The One Man
By Andrew Gross
In The One Man, best-selling author Andrew Gross has devised one of the most improbable plot-lines imaginable: Smuggle a person into the dreaded Auschwitz-Birkenau death camp on a critical mission to extract someone out. Not just anyone, mind you, but the “one man” who single-handedly can turn the tide of the Second World War.
It is the spring of 1944. While the Germans are in full retreat in southern Europe and on the Eastern Front, two monumental efforts are underway to help the Allies crush the Nazis and end their putative Thousand-Year Reich.
It is widely speculated that a massive invasion of France to open up the so-called second front is in the planning stages, likely to be launched before summer. The other project, conversely, is being carried out under an enormous blanket of secrecy, primarily in the desert of New Mexico, where physicists, mathematicians, and numerous other specialized scientists are madly scrambling to beat the Nazis to the finish line of atomic weaponry.
Despite the presence in Los Alamos of Robert Oppenheimer, Enrico Fermi and Neils Bohr, the organizers of the atomic bomb project determine that they will fail to develop this game-changing weapon first if they do not have access to the brilliant mind of Polish-Jewish nuclear scientist Alfred Mendl. Mendl’s life-long specialized research, it seems, holds the key to solving a critical problem that will finally lead to the weaponization of atomic energy. Intense diplomatic efforts to rescue Mendl from Nazi-occupied Europe have failed and the scientist and his family are deported to Auschwitz.
American military and intelligence leaders then make the fateful decision to put in motion a dangerous and likely impossible mission to dispatch a single agent to penetrate the death camp. He will have 72 hours to find Mendl, smuggle him out of the camp, and get to the predetermined rendezvous point to board the rescue plane to safety.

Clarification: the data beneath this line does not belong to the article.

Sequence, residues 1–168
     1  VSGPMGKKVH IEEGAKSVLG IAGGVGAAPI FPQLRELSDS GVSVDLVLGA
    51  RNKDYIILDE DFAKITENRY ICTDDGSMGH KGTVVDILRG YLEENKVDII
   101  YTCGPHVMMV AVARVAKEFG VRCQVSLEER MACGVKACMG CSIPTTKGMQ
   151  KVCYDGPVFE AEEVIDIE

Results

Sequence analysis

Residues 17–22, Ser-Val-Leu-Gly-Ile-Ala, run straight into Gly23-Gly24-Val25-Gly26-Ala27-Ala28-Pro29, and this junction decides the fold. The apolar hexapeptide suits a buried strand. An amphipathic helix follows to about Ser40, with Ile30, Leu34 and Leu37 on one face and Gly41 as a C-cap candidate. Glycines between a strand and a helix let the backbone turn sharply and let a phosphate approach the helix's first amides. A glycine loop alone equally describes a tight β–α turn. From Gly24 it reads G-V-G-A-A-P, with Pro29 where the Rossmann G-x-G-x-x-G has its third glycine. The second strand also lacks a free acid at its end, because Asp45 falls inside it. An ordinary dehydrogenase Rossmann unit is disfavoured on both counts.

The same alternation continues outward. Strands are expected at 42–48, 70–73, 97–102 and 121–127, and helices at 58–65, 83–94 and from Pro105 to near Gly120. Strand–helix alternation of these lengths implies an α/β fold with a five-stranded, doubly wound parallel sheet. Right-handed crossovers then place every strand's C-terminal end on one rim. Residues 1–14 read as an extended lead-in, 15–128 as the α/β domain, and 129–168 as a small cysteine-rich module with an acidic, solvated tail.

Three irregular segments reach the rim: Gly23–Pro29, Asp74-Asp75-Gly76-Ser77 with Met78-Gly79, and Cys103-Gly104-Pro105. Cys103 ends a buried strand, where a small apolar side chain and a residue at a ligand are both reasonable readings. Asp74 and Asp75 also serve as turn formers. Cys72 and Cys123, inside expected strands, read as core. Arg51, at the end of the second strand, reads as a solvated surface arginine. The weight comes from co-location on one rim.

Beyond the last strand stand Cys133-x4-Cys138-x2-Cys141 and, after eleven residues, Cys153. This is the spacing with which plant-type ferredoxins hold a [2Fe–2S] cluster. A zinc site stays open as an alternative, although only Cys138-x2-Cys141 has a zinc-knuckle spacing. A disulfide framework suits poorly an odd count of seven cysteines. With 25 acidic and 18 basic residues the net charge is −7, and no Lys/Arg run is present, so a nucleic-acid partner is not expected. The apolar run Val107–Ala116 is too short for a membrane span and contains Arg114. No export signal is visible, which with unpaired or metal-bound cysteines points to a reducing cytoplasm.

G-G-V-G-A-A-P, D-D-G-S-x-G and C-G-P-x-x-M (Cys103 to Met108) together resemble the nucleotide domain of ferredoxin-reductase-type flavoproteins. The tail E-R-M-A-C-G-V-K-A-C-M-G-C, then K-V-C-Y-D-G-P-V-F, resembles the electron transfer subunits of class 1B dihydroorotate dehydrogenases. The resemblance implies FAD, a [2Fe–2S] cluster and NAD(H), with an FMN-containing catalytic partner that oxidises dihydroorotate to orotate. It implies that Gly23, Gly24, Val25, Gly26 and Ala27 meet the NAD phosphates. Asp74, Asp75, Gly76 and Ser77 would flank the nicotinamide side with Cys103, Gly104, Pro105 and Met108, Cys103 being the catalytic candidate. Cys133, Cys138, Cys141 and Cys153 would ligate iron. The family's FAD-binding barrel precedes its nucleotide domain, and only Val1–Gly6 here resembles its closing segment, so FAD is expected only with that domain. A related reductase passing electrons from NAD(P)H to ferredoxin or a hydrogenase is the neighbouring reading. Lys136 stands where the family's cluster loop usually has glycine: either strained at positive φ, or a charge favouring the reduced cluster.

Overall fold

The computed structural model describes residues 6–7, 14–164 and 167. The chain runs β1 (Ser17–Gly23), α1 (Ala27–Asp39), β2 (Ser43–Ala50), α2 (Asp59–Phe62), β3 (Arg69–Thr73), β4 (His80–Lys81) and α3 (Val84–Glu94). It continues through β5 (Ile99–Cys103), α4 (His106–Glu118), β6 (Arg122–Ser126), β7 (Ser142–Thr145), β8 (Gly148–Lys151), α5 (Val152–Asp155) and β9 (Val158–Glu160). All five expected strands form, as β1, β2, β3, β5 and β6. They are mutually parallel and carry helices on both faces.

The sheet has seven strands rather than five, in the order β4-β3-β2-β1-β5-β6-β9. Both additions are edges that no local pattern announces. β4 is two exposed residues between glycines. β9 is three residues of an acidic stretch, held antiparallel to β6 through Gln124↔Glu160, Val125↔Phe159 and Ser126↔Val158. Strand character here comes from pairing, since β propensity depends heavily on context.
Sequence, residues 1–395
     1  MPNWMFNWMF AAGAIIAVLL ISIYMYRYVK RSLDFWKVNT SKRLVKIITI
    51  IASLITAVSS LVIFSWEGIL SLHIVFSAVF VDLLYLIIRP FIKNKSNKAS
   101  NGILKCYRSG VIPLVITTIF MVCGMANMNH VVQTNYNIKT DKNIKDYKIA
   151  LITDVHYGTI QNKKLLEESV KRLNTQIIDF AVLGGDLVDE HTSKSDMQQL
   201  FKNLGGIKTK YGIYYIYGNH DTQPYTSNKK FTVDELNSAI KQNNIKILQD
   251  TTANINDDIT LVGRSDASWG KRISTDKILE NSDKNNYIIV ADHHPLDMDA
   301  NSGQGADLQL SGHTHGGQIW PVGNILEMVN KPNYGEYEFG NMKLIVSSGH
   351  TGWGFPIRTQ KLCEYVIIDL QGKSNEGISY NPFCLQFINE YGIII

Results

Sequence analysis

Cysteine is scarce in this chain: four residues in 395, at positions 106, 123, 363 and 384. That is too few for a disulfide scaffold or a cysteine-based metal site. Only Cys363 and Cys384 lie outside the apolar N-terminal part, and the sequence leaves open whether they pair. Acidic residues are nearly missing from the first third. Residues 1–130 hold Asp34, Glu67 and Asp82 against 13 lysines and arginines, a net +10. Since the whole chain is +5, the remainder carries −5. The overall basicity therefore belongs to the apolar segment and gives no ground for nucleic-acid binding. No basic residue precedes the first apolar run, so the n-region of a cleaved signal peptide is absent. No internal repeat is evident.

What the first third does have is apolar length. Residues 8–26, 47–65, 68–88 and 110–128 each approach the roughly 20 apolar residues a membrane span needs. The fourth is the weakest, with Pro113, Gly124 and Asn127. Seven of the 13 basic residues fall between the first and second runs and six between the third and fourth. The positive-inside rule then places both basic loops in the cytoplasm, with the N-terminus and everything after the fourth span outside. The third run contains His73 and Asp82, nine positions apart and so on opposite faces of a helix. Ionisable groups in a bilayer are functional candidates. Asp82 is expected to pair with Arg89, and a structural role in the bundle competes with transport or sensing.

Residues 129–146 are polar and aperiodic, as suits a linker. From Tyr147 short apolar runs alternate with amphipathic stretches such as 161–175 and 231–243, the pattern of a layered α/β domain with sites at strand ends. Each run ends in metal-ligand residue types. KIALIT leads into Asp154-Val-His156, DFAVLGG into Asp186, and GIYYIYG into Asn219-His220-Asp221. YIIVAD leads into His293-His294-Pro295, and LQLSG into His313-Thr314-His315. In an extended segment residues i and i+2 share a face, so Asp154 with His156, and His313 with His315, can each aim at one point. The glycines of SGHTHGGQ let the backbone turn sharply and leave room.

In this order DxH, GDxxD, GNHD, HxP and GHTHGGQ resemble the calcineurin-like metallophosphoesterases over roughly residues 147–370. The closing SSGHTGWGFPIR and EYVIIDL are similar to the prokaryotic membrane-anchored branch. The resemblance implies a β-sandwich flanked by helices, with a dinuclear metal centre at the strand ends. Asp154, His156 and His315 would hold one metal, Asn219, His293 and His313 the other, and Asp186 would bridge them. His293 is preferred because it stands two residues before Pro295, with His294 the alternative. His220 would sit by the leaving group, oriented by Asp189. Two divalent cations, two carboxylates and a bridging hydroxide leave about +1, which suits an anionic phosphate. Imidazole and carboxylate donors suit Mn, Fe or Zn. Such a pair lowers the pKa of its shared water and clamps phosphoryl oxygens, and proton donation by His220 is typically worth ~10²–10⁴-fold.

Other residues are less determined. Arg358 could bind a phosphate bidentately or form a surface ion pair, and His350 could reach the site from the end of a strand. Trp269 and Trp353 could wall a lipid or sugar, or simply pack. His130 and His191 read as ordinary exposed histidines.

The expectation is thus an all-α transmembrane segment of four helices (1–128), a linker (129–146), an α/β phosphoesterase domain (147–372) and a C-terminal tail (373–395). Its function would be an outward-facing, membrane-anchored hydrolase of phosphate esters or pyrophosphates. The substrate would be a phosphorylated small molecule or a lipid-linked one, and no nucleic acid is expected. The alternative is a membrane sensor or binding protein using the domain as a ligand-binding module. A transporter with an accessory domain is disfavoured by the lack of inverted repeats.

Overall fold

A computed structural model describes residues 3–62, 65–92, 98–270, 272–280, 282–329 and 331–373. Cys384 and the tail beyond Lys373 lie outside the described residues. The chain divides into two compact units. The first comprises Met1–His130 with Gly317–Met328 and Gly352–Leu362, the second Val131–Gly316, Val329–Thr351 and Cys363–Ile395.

Enter Nathan Blum, a Polish Jew who escaped the Krakow ghetto and made his way to America. Blum has been serving his adopted country by translating Polish documents for the Office of Strategic Services, the forerunner of the CIA, but he desperately wants to do more to assist the war effort and to assuage his terrible guilt over abandoning his family. Offered the rescue mission, Blum must decide if he can balance this urgent need to help end the war and avenge his family’s certain death with the horror of returning to occupied Poland and passing through the Gates of Hell to somehow find Mendl and, against all odds, get him out.
No spoiler alert is necessary to acknowledge that Blum manages to insert himself into the camp to begin his rescue mission. Over the next three days his own life is in constant danger as he searches for Mendl and attempts to implement the rescue plan. Along the way, we meet three other key figures who will each have a profound impact on the unfolding mission: a brilliant teenager who has become the camp chess champion; a ruthless German intelligence officer who has uncovered evidence of the plot; and the wife of the Nazi second-in-command. Like any good thriller, there are hold-your-breath twists and turns as the 72 hours count down, and a gripping ending to the narrative.
In an interview, Andrew Gross acknowledged that, “There’s been a canon of literature based on life in such camps, much of it written by people who experienced it firsthand, and it surely wasn’t my goal to write the definitive Auschwitz book.”
What Gross does in The One Man, though, is deftly meet the primary challenge of Holocaust fiction to evoke the horrors of the genocidal depravity in a compelling creative account without treading on or trivializing the sacred memory of the Shoah.
Given the extraordinarily tight timeline of Blum’s mission, there are a couple of plot devices that, while necessary to move the narrative along, stretch credulity a little. Overall, though, The One Man is a fascinating read that will capture your attention to the very last page.